# Does it make sense to infer a rate (as a probability distribution or upper limits) for a Poisson process if there are "no events"

I have an inhomogeneous Poisson process with a rate $$\lambda (\mathbf{t})$$ defined on some parameters $$\mathbf{t}$$. I am trying to infer $$\lambda (\mathbf{t})$$ from some data, which are events (really $$\lambda (\mathbf{t})$$ is a function of the parameter I am interested in but it's the same idea). Would it make sense to estimate $$\lambda (\mathbf{t})$$ in an area of the parameter space where there are no events? As poorly constraining as that may be.

For a simpler case, if we take a normal Poisson process (removing $$\mathbf{t}$$), here's what I would think:

1. The likelihood distibution for k events is $$p(k|\lambda) = e^{-\lambda} \frac{\lambda^k}{k!}$$

2. The "uninformative prior" on $$\lambda$$, if we're taking a Bayesian perspective, is $$p(\lambda) = \sqrt \lambda$$ (correct?)

3. If we have no events and $$k=0$$, the likelihood is $$e^{-\lambda}$$.

From a frequentist perspective, as far as I can see, estimating a rate doesn't make much sense. Or rather, rate $$\lambda = 0$$ has the highest likelihood, and the higher the rate, the less likely it is, but that's all we can say.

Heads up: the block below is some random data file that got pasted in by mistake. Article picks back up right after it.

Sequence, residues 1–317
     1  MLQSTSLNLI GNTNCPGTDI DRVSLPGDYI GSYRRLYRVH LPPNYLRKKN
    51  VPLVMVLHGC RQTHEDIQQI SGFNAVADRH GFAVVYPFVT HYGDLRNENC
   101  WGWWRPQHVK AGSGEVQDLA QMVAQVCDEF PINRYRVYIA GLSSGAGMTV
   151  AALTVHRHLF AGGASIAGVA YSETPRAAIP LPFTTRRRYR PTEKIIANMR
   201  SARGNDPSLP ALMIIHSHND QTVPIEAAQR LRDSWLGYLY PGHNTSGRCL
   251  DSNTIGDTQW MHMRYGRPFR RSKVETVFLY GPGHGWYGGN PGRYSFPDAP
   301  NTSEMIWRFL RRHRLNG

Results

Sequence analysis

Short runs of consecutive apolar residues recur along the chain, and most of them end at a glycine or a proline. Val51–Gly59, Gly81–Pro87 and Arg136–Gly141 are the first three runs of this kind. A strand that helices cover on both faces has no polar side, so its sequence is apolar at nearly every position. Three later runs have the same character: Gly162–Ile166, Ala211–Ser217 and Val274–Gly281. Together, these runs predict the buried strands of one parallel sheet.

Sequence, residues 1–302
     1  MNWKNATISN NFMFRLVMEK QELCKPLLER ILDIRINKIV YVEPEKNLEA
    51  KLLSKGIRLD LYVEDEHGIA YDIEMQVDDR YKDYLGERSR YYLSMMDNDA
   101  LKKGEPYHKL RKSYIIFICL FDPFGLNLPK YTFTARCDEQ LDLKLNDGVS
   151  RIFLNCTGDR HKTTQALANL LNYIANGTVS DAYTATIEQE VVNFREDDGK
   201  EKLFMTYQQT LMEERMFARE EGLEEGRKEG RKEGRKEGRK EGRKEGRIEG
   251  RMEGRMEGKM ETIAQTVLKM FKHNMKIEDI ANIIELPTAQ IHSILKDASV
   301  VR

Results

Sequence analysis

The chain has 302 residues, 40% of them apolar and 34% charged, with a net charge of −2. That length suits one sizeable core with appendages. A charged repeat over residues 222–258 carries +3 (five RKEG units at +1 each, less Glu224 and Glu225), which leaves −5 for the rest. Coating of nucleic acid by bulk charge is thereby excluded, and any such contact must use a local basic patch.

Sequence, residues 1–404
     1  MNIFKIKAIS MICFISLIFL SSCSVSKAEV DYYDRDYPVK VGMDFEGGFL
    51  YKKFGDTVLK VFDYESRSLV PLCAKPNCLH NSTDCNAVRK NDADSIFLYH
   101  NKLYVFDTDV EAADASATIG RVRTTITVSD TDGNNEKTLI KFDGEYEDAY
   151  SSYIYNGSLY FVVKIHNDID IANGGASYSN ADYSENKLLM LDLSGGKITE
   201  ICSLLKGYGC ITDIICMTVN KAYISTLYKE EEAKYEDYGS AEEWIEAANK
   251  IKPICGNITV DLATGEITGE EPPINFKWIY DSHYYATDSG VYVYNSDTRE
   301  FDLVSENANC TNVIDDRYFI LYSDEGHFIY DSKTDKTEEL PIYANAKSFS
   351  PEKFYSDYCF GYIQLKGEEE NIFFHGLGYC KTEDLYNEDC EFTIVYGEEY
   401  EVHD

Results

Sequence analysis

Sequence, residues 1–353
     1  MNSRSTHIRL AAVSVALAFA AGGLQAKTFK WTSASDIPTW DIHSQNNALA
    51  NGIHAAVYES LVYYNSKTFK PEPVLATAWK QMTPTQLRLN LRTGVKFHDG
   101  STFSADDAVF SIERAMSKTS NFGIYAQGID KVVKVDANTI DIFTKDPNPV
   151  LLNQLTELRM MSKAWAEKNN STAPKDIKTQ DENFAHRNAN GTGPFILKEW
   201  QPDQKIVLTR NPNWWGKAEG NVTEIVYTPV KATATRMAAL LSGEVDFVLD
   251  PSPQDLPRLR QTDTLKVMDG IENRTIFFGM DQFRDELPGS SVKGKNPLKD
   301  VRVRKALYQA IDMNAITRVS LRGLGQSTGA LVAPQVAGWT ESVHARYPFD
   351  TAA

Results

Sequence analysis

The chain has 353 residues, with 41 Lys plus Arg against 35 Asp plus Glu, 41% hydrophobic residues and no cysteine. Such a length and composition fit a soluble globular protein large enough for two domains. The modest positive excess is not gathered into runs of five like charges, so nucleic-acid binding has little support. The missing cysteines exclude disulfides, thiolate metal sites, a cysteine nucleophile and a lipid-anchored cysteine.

From a Bayesian perspective, the posterior on the rate is $$p(\lambda) = e^{-\lambda} \sqrt \lambda$$. This would actually have a maximum, and I'm wondering if it makes sense then to make inferences on $$\lambda$$. Quantities like upper limits (i.e $$\lambda$$ below which 95% of the pdf lies etc...) could be computed, the posterior is proper, and so on...

I've seen papers where authors decide to limit themselves to cases where there are non-zero events, and I was wondering why that is.